On the face of it, even Boeing could fall one day. Nothing is impossible. When your time has come you’r dead. AA is on the threshold right now. A life extension will soon be offered to them, but with an accompanying further reduction of power for the unions. Chapter 11 is like an NDE. Once you have emerged from that you will never be the same thereafter.
Pre-Deregulation was “the good ol’ days” for everyone but the flying public, the airplane manufacturers, the aviation suppliers, the Service providers, the airports, etc etc. The ONLY people who benefited from regulation were pilots and the execs at airlines.
Deregulation has been a massive boon to the general public, and the industry as a whole. I don’t miss those days one little bit. Billions of flights that never would have happened have occurred. The dinosaurs NEED to adapt or go out of business.
To me the legacies in the US market appear to be a group of walking dead having the occasional bout of “chap11” or in more fortitious moments a cosy hour by joining up.
There seems to be no viable longterm remedy: entangled in unions, pensions and overaged planes they lack ideas and are incapable of expressing those.
( OK, a bit exagerated for sure, but .. )
“We understand that the deals with Airbus and Boeing for the A320 and 737 families somehow took into account the prospect of a bankruptcy filing”
By leasing the planes to AA they are still the owners and get the planes back. If they lend them the money to buy the plane they receiver could sell the planes and then pay just part of the outstanding loans based on how much money they allocate to the creditors.
Airbus and Boeing could also secure loans to get priority in payments but even so they would most likely only get some part of the loan.
I think you’ve nicely described why 737 leasing rates are higher than those for the A320 ?
Wrong, Kemo Sabe.
Lessors have no greater call on the airplanes than lenders. Under the bankruptcy code, Section 1110 provides for the return of all aircraft for which payments are not current after 60 days, whether lessor or lender. This Section has, however, been successfully challenged in past bankruptcies (notably Western Pacific), thus screwing the lessors and lenders. Remedies to fix the law followed but some smartie-pants lawyer might be able to figure out a loophole.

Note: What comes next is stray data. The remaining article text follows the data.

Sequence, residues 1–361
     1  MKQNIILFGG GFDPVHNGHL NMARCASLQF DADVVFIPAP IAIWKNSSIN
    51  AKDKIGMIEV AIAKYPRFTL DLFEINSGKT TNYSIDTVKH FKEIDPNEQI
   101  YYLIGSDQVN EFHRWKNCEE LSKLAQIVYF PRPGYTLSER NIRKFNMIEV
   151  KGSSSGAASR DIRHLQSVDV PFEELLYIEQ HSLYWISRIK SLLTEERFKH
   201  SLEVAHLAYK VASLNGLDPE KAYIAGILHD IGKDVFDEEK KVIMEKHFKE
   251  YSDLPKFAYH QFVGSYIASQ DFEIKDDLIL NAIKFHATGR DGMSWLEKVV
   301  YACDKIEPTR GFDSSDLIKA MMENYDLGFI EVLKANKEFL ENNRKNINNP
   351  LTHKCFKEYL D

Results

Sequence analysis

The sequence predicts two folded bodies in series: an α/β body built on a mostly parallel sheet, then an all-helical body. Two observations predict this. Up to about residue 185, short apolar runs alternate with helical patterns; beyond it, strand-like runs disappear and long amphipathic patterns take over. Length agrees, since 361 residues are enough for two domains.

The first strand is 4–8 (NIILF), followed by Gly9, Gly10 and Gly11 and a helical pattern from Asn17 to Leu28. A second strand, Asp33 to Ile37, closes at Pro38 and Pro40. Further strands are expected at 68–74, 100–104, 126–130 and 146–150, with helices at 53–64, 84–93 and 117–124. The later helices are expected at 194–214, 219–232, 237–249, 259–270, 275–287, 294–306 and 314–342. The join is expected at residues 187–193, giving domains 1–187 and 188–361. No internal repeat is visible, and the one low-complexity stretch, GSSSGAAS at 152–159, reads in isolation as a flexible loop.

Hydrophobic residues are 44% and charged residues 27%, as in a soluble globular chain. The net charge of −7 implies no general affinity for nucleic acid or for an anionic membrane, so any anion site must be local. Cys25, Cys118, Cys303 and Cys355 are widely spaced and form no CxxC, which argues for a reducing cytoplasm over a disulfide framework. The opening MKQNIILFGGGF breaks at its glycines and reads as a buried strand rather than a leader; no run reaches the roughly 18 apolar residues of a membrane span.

From a practical standpoint, lessors and lenders may not want to get the planes back, depending on supply-and-demand, relationships, the cost of reconfiguring the airplane, etc.
Sorry to disagree with you but as long as the lessor is registered as owner they will get it back. They may lose unpaid lease payments and they may be required to keep the leases going under reorganization if the debtor can fulfill obligations during that period.
Section 1110 is mainly about secured financing where the debtor is registered as owner and while the creditors have been granted the right to take possession over the asset it isn’t certain.
It would be better if they didn’t. All parties should avoid it all costs. And in the case of the unions it would be “AT ALL COSTS”. To say “AA should file” is like saying “You should undergo chemotherapy in case you have cancer”. Both are extremely traumatic experiences.
The unions are up against the wall. They have to make further concessions, way over and above the ones they have already made, no matter how big they were then. It has nothing to do with the size of the management’s self-appointed salaries and bonuses. That is strictly an ethical issue and should be dealt with separately.